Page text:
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Utilities launch program to subsidize EV charging stations

Tracy Samilton
Michigan Radio

Michigan's two biggest utilities have launched pilot programs to boost the number of electric vehicle charging stations in the state. 

From commuting to longer-distance trips, the programs aim to help electric car owners go anywhere in the state, without worrying about where they will charge the battery next.

DTE Energy and Consumers Energy will offer rebates of $400 to $500 to EV car owners to install home chargers. That roughly covers the equipment cost, but not the electrician's bill. 

There will also be larger rebates for companies to install chargers for public use, and for a small network of  fast chargers along highways.

Fast chargers can top up an EV's battery to about an 80% charge in 20 minutes.

"The real aim of this program is to make electric vehicles more accessible to everybody," says Brian Rich of Consumers Energy.
Michigan Public Service Commissioner Norman Saari says it's time for Michigan to catch up to other states that are building an EV infrastructure, like Georgia and California.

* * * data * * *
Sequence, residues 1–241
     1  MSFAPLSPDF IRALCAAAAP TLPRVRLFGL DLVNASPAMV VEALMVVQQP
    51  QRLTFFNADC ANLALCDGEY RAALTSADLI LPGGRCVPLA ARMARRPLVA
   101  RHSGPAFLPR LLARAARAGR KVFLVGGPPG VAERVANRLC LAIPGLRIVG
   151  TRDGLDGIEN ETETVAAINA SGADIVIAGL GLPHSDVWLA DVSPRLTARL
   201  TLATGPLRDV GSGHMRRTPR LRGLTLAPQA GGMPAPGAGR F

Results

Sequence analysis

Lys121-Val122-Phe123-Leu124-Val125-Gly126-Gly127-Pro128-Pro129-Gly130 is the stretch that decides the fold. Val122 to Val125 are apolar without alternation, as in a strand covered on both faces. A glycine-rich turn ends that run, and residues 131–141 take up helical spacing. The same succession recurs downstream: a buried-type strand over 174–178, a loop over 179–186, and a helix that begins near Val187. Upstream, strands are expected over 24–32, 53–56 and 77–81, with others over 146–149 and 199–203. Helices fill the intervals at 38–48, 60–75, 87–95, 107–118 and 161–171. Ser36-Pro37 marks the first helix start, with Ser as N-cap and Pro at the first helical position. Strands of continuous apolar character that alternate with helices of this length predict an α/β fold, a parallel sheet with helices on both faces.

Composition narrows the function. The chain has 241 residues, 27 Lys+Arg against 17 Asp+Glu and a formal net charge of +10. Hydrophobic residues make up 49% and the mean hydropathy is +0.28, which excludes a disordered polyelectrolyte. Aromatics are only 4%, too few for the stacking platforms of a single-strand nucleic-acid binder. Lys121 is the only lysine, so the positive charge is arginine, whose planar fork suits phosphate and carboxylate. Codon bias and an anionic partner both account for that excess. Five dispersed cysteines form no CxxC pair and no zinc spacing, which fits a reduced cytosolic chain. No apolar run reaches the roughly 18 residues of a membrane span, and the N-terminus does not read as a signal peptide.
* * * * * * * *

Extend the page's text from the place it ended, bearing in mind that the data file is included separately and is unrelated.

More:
"This is where the world is going, this is where Michigan's going, this is where the auto industry is going," Saari says.

Saari notes that about 18,000 people in Michigan own electric cars today, but experts say that could rise to about 150,000 within a decade. 

Both utilities will require individual customers who apply for a rebate to sign up for a "time of use" rate plan, that offers a lower rate for evening charging, and a higher rate for daytime charging.

Editor's note: DTE Energy and Consumers Energy are corporate sponsors of Michigan Radio.

Tracy Samilton covers energy and transportation, including the auto industry and the business response to climate change for Michigan Public. She began her career at Michigan Public as an intern, where she was promptly “bitten by the radio bug,” and never recovered.